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At a panel discussion Saturday, four academics discussed ways to promote pride in the lesbian, gay and bisexual community in the face of massive discrimination.
"Building Identities Against Homophobia and Biphobia," one of 58 sessions at Harvard this weekend at the "Pleasure/Politics" conference on lesbian, gay and bisexual studies, drew more than 150 people to the Science Center.
Warren Blumenfeld, co-author of Looking at Gay and Lesbian Life, chaired the panel, opening the seminar with a definition of the term "homophobia," which he said is too often misconstrued.
"Homophobia does not get across the insidious condition it means to define," he said, referring to the violence incurred upon lesbians, gays and bisexuals rather than the dictionary definition of "fear."
Ron Simmons, an assistant professor at Howard University in Washington, D.C., provoked the crowd's loudest response of the afternoon in his discussion of "Homophobia in Black Cultural Nationalistic Literature."
While pausing for applause and chuckles from the audience throughout his speech, Simmons criticized Black heterosexual intellectuals for their biases against gay Black men, citing such examples as "Black men should be masculine and not faggots because they dominate the sport of boxing," and "Some gay Blacks result from young Black boys playing with blond dolls."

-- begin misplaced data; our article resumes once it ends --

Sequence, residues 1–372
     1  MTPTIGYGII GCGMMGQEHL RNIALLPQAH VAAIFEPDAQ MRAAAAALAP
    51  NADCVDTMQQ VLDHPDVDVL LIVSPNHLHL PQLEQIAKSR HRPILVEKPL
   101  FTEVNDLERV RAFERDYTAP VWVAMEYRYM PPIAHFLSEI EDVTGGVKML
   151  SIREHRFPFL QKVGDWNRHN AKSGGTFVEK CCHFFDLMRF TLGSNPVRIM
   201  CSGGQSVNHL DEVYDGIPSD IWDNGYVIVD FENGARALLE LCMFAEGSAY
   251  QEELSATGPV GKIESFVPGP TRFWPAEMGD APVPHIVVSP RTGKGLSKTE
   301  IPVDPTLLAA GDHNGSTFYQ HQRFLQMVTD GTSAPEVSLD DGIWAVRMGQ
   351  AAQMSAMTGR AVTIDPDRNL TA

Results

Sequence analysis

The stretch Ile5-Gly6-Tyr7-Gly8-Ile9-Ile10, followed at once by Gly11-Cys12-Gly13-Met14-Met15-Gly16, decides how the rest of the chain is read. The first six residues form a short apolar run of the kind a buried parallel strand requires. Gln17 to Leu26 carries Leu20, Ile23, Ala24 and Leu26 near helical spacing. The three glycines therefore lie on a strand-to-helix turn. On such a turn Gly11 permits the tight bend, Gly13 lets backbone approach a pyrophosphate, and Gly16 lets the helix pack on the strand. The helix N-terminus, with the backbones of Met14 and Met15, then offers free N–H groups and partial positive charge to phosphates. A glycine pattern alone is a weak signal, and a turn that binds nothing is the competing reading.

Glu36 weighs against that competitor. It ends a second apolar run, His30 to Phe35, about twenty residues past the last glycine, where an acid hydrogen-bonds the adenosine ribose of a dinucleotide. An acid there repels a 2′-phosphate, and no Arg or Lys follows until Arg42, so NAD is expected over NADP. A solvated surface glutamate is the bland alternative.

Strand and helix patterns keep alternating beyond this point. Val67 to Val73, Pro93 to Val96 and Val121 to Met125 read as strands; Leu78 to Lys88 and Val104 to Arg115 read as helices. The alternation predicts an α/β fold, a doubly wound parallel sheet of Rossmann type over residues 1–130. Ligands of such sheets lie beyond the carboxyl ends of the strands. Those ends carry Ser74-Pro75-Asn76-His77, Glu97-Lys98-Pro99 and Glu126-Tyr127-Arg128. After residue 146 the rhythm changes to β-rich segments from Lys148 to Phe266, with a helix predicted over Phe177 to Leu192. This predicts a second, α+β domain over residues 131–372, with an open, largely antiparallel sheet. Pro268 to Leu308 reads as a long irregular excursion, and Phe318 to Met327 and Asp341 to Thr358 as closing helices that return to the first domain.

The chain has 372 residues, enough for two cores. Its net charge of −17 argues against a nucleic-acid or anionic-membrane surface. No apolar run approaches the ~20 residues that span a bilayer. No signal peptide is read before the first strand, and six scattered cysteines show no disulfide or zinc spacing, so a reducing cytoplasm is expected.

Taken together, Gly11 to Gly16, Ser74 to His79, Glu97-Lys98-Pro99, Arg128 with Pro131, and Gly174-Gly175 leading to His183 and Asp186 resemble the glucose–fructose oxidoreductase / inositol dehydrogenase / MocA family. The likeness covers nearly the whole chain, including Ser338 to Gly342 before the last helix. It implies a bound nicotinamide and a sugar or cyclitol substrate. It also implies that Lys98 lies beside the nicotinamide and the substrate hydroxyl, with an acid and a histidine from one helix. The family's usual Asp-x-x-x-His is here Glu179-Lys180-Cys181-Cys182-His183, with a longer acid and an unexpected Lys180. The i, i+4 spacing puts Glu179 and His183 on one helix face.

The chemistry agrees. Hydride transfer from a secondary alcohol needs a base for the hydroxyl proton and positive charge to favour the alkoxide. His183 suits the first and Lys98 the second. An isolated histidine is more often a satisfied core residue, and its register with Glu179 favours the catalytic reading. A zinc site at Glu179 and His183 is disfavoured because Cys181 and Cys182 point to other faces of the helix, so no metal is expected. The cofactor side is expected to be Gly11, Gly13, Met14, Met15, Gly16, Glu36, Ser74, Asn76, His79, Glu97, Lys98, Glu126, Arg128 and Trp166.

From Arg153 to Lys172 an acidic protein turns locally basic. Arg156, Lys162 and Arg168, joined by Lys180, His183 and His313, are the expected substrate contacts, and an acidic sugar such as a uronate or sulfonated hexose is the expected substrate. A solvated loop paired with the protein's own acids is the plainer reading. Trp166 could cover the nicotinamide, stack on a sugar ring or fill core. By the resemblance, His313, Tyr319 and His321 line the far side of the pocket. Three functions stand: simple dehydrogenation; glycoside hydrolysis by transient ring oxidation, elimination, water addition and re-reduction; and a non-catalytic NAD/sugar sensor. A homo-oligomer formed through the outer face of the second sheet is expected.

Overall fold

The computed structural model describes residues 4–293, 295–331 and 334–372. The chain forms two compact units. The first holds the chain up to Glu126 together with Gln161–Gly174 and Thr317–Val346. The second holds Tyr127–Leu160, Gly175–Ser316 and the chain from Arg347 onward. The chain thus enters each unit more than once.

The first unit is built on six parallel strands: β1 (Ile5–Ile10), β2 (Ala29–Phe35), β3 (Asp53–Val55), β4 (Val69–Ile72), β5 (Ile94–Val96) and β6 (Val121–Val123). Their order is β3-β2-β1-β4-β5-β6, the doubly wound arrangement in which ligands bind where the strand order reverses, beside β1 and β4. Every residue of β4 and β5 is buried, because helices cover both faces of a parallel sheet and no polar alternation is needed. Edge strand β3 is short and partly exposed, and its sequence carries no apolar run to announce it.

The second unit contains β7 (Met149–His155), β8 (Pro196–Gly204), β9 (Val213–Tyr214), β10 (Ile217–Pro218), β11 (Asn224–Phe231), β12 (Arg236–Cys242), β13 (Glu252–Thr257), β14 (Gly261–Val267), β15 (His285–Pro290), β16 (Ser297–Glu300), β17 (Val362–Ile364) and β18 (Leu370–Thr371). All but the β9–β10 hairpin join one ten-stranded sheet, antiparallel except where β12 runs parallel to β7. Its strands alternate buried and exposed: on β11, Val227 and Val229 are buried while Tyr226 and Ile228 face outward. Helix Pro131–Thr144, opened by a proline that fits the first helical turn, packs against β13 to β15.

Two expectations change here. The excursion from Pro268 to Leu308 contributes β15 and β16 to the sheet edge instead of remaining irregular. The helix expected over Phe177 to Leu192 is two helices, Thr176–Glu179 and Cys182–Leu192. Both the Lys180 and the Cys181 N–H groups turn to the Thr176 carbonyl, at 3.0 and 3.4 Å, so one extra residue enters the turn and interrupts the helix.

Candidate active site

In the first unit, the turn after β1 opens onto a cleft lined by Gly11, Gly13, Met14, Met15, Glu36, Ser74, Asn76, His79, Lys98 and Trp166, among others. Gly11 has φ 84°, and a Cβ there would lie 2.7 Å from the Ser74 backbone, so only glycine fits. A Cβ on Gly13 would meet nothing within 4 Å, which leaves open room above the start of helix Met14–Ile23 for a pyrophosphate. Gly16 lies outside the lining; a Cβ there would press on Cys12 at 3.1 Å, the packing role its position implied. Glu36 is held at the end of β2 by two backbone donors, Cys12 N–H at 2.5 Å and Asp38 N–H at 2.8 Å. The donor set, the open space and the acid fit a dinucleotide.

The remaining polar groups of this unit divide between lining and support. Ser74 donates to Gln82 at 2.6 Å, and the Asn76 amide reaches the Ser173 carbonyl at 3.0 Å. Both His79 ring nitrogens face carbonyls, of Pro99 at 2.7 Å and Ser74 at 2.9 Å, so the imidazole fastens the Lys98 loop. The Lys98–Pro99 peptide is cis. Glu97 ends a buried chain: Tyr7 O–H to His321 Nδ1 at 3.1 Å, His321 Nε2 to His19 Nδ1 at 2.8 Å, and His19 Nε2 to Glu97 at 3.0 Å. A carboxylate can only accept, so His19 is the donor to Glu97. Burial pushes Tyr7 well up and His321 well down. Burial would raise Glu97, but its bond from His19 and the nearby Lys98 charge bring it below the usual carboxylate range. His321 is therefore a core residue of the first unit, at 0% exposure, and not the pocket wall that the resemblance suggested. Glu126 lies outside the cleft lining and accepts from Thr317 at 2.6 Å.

Simmons said he also is disturbed that some heterosexual Blacks refuse to bridge the sexual gap with the gay population, even when basic racial issues arise. However, he said the gay population should try its hardest to keep the lines of communication open.
"We shouldn't let our anger hurt our common beliefs with heterosexual Blacks," he said.
Amanda Udix-Kessler, a graduate student at Boston College and member of the Physicians for Human Rights in Somerville, Mass., defended the bisexual population from both heterosexual and homosexual persecution.
"We're often stuck in the middle," Udix-Kessler said. "The heterosexuals tell us `You don't exist', or, in other words, `I'm not gay.' The gays and lesbians, on the other hand, say `Get away from me,' or, in other words, `I am gay.'"
Udix-Kessler concluded by setting a goal for the bisexual community--to help create a better understanding between the homosexuals and heterosexuals.
"Let's stop fence-sitting," she said. "Let us strive to be bridge builders."
Rounding out the panel were Claudia Card, a philosophy professor at the University of Wisconsin, and William P. Norris, professor of sociology at Oberlin College in Oberlin, Ohio. Card discussed "Homophobia and Lesbian/Gay Pride," explaining a lesbian, gay or bisexual's fear of the shame from public exposure, while Norris presented a case study of Oberlin entitled "Homophobia in a Liberal Institution."
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